Diesel prices jump 56% as Malaysia revamps decades-old fuel subsidies

KUALA LUMPUR, Malaysia — Diesel price in Malaysia jumped by more than 50% on Monday as part of a revamp of decades-old fuel subsidies to tighten government spending and save billions of ringgits annually.

The restructuring eliminates blanket energy subsidies and redirects them to the needy. They’re part of economic reforms pledged by Prime Minister Anwar Ibrahim, whose government says they’re needed to build and more sustainable economy and plug losses from smuggling cheap oil to neighboring countries.

Anwar has been cautious to bring about higher fuel prices, however, with working-class voters are still struggling with rising cost of living. He announced the decision to cut fuel subsidies last month to give time to lower-income groups to prepare for the transition.

The government eventually plans to follow suit with more petrol subsidies. Essentials including fuel, cooking oil and rice are heavily subsidized in Malaysia which have strained national finances for years.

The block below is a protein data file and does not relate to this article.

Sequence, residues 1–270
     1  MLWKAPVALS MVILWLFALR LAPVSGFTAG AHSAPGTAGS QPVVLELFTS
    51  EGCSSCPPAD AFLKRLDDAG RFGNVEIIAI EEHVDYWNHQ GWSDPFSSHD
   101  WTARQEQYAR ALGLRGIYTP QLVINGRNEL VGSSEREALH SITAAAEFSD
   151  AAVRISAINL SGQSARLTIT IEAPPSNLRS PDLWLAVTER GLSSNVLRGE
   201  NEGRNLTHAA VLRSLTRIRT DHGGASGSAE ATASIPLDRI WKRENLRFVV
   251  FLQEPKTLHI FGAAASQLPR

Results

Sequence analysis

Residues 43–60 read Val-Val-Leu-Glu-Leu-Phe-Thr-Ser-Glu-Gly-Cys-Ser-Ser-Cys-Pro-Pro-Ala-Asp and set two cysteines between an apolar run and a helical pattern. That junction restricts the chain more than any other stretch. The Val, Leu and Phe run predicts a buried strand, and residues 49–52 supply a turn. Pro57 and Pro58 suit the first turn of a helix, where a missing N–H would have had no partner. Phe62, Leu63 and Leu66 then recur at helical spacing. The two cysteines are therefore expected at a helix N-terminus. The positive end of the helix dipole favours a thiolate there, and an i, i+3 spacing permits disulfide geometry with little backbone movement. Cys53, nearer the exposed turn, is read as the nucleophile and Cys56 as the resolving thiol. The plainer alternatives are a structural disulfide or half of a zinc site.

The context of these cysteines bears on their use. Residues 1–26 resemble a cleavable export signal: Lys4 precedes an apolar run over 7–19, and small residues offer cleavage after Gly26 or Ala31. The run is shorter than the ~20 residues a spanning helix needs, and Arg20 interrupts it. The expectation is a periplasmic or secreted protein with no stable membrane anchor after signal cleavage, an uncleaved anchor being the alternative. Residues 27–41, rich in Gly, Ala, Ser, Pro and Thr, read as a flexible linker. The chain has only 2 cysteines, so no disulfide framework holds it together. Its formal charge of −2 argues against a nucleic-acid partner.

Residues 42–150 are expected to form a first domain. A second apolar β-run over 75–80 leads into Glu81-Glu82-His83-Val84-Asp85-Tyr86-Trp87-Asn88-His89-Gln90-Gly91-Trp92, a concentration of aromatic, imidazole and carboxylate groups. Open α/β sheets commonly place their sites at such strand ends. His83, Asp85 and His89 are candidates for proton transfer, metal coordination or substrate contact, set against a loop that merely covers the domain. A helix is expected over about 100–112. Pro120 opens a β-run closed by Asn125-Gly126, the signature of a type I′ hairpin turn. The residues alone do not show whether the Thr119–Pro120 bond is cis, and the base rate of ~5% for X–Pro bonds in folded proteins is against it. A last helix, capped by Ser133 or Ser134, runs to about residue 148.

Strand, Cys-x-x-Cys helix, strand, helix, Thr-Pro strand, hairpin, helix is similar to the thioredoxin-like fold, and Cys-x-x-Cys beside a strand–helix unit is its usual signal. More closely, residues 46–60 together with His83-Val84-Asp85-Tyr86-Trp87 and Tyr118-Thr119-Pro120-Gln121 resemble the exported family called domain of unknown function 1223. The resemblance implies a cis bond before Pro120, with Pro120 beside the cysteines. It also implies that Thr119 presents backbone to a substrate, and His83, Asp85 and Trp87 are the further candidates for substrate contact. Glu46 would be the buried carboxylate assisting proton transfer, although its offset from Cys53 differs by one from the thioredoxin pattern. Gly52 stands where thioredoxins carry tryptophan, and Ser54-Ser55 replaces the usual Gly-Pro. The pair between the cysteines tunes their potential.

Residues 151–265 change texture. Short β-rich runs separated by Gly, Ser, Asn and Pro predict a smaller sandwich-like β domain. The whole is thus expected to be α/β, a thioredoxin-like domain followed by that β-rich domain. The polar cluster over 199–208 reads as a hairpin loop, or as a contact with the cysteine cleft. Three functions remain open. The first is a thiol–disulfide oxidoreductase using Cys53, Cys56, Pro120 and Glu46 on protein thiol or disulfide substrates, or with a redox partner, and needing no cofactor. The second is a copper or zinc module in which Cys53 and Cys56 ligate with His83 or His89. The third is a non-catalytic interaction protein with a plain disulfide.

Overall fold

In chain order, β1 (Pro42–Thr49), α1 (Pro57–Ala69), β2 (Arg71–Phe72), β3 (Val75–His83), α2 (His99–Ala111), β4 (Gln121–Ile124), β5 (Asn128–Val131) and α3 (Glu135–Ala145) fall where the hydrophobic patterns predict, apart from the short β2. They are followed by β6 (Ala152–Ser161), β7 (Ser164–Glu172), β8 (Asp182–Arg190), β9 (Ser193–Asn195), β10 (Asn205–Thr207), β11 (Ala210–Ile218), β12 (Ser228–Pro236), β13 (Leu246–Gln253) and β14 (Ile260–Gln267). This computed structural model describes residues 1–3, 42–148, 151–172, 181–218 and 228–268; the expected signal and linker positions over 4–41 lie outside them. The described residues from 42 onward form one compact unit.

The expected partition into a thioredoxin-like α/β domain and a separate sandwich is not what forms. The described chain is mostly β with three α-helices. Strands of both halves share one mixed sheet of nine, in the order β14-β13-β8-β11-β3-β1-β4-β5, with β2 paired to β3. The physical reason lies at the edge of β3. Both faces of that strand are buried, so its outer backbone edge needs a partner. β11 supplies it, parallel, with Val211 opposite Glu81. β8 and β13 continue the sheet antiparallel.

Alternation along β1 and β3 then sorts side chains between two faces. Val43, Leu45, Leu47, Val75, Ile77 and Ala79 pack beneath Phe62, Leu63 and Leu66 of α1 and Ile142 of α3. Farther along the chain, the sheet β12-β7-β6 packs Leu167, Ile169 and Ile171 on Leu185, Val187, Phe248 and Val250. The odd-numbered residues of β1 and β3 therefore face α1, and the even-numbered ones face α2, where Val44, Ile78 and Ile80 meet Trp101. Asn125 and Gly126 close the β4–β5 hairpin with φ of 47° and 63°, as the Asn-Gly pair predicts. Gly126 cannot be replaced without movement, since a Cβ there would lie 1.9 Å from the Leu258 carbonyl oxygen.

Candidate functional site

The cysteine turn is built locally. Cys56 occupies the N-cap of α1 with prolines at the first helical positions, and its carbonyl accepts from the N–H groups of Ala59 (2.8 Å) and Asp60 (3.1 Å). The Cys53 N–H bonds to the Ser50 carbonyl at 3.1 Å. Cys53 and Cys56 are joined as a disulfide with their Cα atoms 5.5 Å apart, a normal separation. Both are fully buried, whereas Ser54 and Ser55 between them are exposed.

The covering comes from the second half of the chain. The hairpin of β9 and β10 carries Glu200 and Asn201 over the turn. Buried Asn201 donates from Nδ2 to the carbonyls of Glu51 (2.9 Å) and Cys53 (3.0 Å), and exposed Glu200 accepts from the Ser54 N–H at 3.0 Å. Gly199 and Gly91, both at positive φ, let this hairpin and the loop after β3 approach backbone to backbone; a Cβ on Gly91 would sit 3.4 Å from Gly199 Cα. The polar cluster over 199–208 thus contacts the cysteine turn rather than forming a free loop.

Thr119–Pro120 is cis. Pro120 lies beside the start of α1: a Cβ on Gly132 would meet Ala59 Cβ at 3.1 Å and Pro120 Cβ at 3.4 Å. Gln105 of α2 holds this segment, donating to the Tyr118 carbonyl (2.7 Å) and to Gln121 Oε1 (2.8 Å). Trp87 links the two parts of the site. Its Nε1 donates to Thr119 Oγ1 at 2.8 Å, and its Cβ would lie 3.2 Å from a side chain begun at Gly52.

Second Finance Minister Amir Hamzah Azizan announced Sunday that diesel price will rise to 3.35 ringgit ($0.71) a liter on Monday, up 56% from its previous subsidized price of 2.15 ringgit ($0.46). He said the price will be reviewed on a weekly basis to be aligned with market prices.

The price hike will not apply to Malaysian states on Borneo island and eligible logistic vehicles, he said. Lower prices previously set for fishermen and a wide fleet of land public transport vehicles such as school buses, taxis and ambulances will also remain unchanged.

Monthly cash aid will also be given to eligible individuals with diesel vehicles including farmers and commodity smallholders, the government said.

Despite the hike, Amir said Malaysia’s diesel price remains among the lowest in Southeast Asia. Diesel costs 8.79 ringgit ($1.86) a liter in neighboring Singapore and more than 4 ringgit ($0.86) in most other regional countries.

Amir said the targeted subsidies will help cut the fiscal deficit, with the government expected to save at least four billion ringgit ($850 million) annually. Malaysia’s diesel subsidy bill surged from 1.4 billion ringgit ($300 million) in 2019 to 14.3 billion ringgit ($3 billion) last year.

“Malaysia cannot afford to continue losing billions of ringgit due to widespread smuggling of diesel. The money is better spent on improving the people’s quality of life and developing the country,” Amir said.

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